- Humid and subtropical climate in the foothills and plains in extreme south,
- Temperate climatic conditions in Himalayan valleys to the north of the plains and central regions of Bhutan, and
- Extreme cold climatic conditions in the north of Bhutan where there is snow and ice all the year round, on the high mountain peaks and main Himalayan summits.
Bhutan receives heavy monsoon rainfalls, like most of the South Asian countries but it is the western region that receives most of the rainfall that ranges from 60 to 90 percent of the region's total rainfall. Annual precipitation in the north is restricted to about 40 mm and that too in the form of snow, because of the extreme climatic conditions there but an average of 1000 mm of annual precipitation is common in central Bhutan with temperate climatic conditions. In the hot and humid subtropical climate of southern Bhutan, the average annual precipitation at certain places has been as high as 7800 mm. Thus, thick tropical forests known as Savanna are found in southern region of Bhutan. Winters are dry at Thimphu and there is almost no precipitation until March and rainfall average for a month is not more than 20 mm. However, the reason receives total annual rainfall of about 650 mm, with the maximum rainfall in August, when there is about 220 mm of rainfall.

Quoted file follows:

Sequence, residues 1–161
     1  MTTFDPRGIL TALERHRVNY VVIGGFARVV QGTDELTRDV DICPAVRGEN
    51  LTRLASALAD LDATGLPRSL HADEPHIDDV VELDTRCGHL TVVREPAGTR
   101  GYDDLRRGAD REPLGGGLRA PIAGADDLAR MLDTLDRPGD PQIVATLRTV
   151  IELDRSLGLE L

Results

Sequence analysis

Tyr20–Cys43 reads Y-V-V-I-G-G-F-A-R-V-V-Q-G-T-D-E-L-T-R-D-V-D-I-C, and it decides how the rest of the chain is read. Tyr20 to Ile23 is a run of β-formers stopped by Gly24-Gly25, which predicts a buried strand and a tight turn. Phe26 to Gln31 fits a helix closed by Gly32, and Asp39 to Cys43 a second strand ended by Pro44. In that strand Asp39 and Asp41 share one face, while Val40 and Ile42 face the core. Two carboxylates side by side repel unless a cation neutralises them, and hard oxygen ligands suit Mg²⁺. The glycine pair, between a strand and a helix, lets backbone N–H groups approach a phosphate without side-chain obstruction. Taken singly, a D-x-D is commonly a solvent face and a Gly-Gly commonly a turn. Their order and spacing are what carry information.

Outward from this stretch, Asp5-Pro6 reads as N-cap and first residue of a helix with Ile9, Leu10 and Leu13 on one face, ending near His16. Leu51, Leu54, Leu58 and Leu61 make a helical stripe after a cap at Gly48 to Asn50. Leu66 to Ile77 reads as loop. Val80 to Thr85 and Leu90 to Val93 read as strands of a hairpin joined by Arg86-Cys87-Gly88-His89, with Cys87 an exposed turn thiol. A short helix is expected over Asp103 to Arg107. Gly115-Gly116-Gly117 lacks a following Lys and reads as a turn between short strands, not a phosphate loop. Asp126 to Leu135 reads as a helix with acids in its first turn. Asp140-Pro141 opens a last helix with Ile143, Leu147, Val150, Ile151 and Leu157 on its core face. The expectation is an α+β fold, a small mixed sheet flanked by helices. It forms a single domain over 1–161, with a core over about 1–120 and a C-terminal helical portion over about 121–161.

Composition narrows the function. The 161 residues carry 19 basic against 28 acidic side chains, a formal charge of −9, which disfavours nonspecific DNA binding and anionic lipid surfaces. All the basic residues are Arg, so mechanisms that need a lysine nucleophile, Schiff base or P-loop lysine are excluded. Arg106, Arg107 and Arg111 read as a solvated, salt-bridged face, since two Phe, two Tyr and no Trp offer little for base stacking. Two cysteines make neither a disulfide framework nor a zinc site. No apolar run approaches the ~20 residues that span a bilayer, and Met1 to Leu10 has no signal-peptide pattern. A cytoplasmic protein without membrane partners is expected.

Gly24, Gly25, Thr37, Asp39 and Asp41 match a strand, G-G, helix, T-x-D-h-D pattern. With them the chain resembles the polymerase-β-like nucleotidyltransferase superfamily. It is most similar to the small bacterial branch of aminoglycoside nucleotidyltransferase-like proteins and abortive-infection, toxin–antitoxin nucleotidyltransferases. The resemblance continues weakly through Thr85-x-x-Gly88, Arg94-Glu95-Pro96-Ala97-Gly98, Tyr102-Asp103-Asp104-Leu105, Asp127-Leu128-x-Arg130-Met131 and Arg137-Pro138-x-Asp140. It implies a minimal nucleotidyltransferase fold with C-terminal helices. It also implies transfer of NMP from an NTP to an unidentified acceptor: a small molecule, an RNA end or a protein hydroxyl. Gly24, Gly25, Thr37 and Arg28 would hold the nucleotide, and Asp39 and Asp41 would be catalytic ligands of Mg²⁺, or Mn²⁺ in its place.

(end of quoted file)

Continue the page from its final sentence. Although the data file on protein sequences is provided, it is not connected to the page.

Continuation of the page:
Spring in Bhutan lasts from early March to mid-April and is mostly dry. Summer starts in mid-April and brings occasional showers with it and lasts through late June with intermittent pre-monsoon rains. Summer monsoon lasts from late June to late September and is characterized by heavy rains resulting from the southwest winds moving northwards and blocked by Himalayas. The monsoon days normally have high humidity and are misty and overcast with rain-bearing clouds. Flash floods and landslides are common. Autumn succeeds the monsoons and lasts from late September or early October to late November, characterized by bright, sunny days. There can be some snowfall at higher elevations though. Winter sets in late November and lasts till March. Frosty days characterize winters of Bhutan. Snowfalls are common is places above 3000 m elevation. Northeast winds bring winter monsoons and it is these gales and winds, rushing with force through High Mountain passes, that earns Bhutan the name of ‘Drukyul’ or the ‘Land of the Thunder Dragon’.